Some time ago, I offered up in these pages a few guidelines to follow when attempting to gain access to executives. The gist of that piece was that you’ll have more luck if you think about executive access in terms of “confirming alignment” more than “making the decision.”
Let’s drill down a bit and talk about the when of executive access, because timing is very, very important.
I’ll describe the four most common types of sales situations and address when, during that particular type of sales scenario, you should – and should not – attempt to gain access to senior management.
1. Situation type: Win a defined opportunity
A new prospect or existing customer has decided it is going to make a purchase. It is seeking prices and proposals from two or more potential suppliers, and you’re one of them. Your goal in this sales situation is to outsell your competition and win this particular deal. In most “defined opportunity” sales situations the prospect has defined a buying process that they expect – in some cases, demand – you to follow.
When to attempt executive access: Early or late in the sales cycle, never in the middle. In this classic, “win the deal” type of sales situation senior management will often be involved with a buying decision early in the process as the buying company defines the strategy for the purchase. They then pull away while the designated buying team evaluates vendors. After a short list is arrived at, senior management is likely to pulse back in to check out the finalists.
2. Situation type: Retain a customer –
You have an existing customer that you would like to keep as a long-term customer. This customer is not currently looking to make any particular purchase and there is no identified growth opportunity you’re looking to cultivate. Your primary goal in this type of sales situation is to protect your base of business with this account. There may or may not be a specific competitive threat to your business with this account.
When to attempt executive access: Any time the executive isn’t distracted by some other major issue. Some of my clients conduct periodic business reviews with customer executives. They do this to make sure the power players at the account appreciate the value the supplier is bringing to the table. These business review meetings are outstanding executive access opportunities.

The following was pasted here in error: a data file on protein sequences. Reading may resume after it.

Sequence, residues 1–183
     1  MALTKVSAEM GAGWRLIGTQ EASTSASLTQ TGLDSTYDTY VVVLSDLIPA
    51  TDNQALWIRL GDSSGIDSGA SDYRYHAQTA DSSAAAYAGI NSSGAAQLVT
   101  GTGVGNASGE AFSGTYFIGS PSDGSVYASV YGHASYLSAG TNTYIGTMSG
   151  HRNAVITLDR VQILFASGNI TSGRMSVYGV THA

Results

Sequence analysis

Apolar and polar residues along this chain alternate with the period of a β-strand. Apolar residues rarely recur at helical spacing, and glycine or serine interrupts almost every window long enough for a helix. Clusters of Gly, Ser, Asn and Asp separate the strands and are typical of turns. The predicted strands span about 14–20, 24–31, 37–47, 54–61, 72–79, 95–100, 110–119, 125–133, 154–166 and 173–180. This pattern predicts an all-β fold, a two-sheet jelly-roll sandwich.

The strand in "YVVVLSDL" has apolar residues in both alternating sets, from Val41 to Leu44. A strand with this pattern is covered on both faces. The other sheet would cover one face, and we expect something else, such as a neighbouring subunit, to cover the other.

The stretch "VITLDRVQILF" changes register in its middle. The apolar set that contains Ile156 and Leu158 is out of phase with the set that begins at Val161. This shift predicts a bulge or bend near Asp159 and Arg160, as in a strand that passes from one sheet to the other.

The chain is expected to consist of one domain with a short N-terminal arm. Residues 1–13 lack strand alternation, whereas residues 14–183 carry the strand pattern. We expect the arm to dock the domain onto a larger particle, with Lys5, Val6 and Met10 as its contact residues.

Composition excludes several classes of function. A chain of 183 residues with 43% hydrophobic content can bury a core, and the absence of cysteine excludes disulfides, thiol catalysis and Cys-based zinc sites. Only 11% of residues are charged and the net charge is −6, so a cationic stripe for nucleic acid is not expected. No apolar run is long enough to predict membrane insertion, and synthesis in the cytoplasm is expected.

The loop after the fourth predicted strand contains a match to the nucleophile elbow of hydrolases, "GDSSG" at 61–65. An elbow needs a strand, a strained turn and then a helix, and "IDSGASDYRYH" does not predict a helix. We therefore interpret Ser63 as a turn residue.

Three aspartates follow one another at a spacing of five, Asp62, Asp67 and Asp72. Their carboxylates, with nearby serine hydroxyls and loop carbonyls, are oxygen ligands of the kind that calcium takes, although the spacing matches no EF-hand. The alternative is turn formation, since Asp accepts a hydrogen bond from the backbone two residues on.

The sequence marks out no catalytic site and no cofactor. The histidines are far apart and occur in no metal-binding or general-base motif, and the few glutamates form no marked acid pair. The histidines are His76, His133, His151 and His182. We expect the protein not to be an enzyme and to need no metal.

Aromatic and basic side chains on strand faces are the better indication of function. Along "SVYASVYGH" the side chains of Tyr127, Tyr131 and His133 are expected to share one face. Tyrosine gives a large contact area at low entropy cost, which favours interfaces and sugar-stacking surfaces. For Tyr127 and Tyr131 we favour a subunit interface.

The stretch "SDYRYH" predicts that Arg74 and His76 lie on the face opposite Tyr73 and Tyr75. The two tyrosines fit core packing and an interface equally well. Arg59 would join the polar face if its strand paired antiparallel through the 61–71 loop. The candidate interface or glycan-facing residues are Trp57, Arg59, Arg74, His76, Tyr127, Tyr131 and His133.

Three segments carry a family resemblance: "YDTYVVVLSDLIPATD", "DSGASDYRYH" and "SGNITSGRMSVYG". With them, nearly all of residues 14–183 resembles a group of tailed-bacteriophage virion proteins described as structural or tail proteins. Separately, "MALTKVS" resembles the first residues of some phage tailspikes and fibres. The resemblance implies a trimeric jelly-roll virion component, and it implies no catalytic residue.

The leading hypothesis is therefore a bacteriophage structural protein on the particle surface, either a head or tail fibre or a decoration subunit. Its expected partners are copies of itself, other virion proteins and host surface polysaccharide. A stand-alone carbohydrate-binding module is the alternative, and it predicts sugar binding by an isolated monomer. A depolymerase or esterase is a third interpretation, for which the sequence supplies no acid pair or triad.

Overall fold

3. Situation type: Cultivate growth in an existing account –
You have a customer with whom your company is currently doing business (even if only a minor amount). You suspect – or know – that there is additional business you could be doing with this account and you are trying to harvest that incremental business. The account is not soliciting alternatives from you or your competitors.
When to attempt executive access: Any time the executive isn’t distracted by some other major issue. Like the customer retention situation you can approach executives in an existing account, even if it’s to directly pursue an opportunity, at almost any time. However, you must always manage your request with your everyday contacts lest they get the impression that you are going around them.
4. Situation type: Displace an incumbent at a targeted account –
This is the classic, “crack an account” situation. You are trying to capture the business of an account that currently uses your type of product/service, but they’re not currently getting it from your company. In most cases, the targeted account is buying the product/service from one of your competitors. Alternatively, the targeted account could be producing/performing the product/service in-house, in which case, the “opportunity” is one of the account outsourcing to you. Either way, the targeted company is not actively seeking suppliers of the product/service at this time.
When to attempt executive access: Before you appear on the account’s radar screen. Here you have the element of surprise. If you can approach the executive before the lower level contacts — who usually are gatekeepers — get wind that you’re snooping around you can avoid being told, “we make those decisions, there’s no need for you to see our executives.”
A good meeting with the right executive…which means at the right time…can be a life-changing experience for you. But a bad meeting with an executive is worse than none at all! This is truly high-stakes poker. Play that hand carefully, starting with knowing when to hold ’em and when to fold ’em.